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Hunting for a 15th-century man

Author Haohao Lu is the IMA's Allen Whitehill Clowes Curatorial Fellow of European Painting and Sculpture before 1800.

Portraiture, either painting or photograph, is a paradoxical reminder of both the presence and the absence of a person. When looking at early modern portraiture in particular, we are often struck by a person’s presence intimately unfolding before us and the hollow of identity that has vanished over distance and time. The look of a familiar stranger is disquietingly uneasy. The impulse to identify a portrait is always accompanied by the yearning to overcome that uneasiness. We wish to know more about the person portrayed, even though such wish is not always gratified.

Fig. 1

Fig. 1

With an early Netherlandish portrait in the Clowes Collection (fig.1), however, there is good news.

In 1983, Patricia Bennett, a graduate student from Indiana University Bloomington, quoted this painting in her MA thesis on the workshop practice of the Flemish painter Rogier van der Weyden. Enclosed in her thesis are also a couple of correspondences with Lorne Campbell, a renowned curator from the National Gallery, London. Surprisingly, Campbell mentions that he recalls three versions of this portrait. The second version recently appeared at a 2002 Christie’s sale. The third, only available from a photograph in the Max J. Friedländer archive at the Netherlandish Institute for Art History in The Hague, reveals to us a tantalizing clue to identifying the portrait: a coat of arms which, as research demonstrates, belonged to the Bruges-based Van Themseke family.

An 1851 registry of noble families in Bruges by François van Dycke gives us a matching description of the family crest: “Cette famille porta: d’or, à trois têtes et cols de cheval de sable bridées d’argent. Cimier: une tête et col de cheval de l’écu entre un vol d’or. [This family carries: in gold, three horse heads and necks. Their crest:  one horse head and neck flanked by golden wings.]” An 18th-century registry of epitaphs and coat-of-arms from churches in Bruges—the so-called “Handschrift De Hooghe” — also includes matching images. (An interactive reproduction of the manuscript is available at the Bruges Historical Inheritance website.)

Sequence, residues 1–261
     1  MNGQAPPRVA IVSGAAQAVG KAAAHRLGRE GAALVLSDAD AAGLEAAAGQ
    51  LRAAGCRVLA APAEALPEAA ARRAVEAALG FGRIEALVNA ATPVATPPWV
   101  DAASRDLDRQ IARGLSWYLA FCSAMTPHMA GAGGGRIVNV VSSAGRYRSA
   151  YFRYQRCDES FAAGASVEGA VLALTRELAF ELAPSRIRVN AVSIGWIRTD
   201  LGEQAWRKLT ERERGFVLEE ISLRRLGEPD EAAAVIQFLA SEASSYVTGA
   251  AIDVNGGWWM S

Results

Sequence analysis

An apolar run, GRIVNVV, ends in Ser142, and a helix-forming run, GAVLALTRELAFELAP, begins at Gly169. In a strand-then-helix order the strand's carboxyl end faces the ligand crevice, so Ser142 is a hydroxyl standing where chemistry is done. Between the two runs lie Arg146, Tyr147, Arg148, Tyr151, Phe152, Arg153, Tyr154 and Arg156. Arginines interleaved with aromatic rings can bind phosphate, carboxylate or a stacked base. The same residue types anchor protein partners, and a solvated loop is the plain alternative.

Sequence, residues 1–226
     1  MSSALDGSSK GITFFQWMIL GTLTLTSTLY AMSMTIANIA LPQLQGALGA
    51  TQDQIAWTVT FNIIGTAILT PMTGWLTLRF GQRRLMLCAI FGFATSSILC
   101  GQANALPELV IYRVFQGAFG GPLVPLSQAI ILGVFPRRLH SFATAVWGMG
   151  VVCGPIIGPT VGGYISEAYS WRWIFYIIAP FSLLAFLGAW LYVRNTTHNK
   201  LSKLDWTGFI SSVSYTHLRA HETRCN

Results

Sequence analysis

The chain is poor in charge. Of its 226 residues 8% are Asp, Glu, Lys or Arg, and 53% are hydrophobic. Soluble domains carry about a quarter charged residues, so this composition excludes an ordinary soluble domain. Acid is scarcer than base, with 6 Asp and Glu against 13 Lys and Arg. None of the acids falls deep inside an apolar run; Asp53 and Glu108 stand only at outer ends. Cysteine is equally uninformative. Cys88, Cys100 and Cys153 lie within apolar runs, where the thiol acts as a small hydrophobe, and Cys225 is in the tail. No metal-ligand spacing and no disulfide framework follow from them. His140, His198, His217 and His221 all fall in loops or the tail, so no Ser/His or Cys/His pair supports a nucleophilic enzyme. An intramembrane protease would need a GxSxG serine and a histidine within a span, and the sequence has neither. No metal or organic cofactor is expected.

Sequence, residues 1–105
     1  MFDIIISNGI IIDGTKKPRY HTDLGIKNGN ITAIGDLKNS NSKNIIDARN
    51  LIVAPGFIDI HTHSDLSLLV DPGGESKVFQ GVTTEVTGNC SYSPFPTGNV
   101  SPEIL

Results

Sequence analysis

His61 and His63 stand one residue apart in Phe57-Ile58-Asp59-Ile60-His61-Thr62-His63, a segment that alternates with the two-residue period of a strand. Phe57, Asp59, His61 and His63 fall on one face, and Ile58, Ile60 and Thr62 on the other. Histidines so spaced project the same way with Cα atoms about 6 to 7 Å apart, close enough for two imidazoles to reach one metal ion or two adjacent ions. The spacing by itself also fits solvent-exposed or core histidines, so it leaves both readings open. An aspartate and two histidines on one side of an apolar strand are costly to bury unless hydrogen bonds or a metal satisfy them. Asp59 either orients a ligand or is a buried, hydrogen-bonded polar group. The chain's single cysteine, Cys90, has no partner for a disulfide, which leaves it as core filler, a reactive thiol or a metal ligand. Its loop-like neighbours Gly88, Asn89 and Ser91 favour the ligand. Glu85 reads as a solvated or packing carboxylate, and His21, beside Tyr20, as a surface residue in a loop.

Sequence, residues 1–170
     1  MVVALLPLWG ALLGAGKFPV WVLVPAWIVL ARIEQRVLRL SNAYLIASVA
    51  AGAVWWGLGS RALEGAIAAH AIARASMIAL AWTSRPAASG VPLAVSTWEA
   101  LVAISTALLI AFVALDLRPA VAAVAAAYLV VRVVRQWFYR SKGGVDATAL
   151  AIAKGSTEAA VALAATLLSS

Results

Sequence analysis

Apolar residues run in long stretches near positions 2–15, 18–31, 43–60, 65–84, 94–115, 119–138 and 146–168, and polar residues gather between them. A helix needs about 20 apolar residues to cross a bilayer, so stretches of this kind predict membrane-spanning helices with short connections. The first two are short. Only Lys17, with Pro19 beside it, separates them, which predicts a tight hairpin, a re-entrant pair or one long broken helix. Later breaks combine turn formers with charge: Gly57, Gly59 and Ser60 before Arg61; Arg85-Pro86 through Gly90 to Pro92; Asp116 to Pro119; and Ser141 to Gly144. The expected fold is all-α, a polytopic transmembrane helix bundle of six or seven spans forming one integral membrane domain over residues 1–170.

Fig. 2

Fig. 2

The earliest record of the noble family dates to the mid-13th century. Its notable members include a Jan, a knight who fought for Lord of Gruuthuse in 1392. A blazon page from a 15th-century manuscript depicting the troop of Gruuthuse attests a long-term alliance. (See if you can spot the Van Themseke family coat-of-arms in the page digitized by the National Library of France.)

Given the unusual survival of three versions of his portrait, our man of interest might be one of the well-to-do members of the family. On a separate note, an X-ray of the IMA portrait (fig. 2) shows losses of original paint at the top left corner. It is probable that the lost area was, if anything, a coat-of-arms of the Van Themseke family.

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